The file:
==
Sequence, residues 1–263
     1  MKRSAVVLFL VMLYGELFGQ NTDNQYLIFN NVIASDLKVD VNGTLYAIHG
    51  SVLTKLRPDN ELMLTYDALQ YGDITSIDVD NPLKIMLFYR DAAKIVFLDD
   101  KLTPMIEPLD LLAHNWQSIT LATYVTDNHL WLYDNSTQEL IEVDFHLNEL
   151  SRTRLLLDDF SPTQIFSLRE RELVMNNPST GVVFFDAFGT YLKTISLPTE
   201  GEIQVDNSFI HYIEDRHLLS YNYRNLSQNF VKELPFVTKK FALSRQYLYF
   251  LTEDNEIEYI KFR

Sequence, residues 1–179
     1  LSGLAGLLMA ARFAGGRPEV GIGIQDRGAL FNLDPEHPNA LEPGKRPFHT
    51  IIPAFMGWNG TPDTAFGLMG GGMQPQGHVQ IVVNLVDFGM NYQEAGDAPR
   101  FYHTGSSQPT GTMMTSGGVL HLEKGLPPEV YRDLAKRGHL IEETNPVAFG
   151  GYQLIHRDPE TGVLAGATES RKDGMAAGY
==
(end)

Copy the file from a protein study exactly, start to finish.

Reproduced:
Sequence, residues 1–263
     1  MKRSAVVLFL VMLYGELFGQ NTDNQYLIFN NVIASDLKVD VNGTLYAIHG
    51  SVLTKLRPDN ELMLTYDALQ YGDITSIDVD NPLKIMLFYR DAAKIVFLDD
   101  KLTPMIEPLD LLAHNWQSIT LATYVTDNHL WLYDNSTQEL IEVDFHLNEL
   151  SRTRLLLDDF SPTQIFSLRE RELVMNNPST GVVFFDAFGT YLKTISLPTE
   201  GEIQVDNSFI HYIEDRHLLS YNYRNLSQNF VKELPFVTKK FALSRQYLYF
   251  LTEDNEIEYI KFR

Sequence, residues 1–179
     1  LSGLAGLLMA ARFAGGRPEV GIGIQDRGAL FNLDPEHPNA LEPGKRPFHT
    51  IIPAFMGWNG TPDTAFGLMG GGMQPQGHVQ IVVNLVDFGM NYQEAGDAPR
   101  FYHTGSSQPT GTMMTSGGVL HLEKGLPPEV YRDLAKRGHL IEETNPVAFG
   151  GYQLIHRDPE TGVLAGATES RKDGMAAGY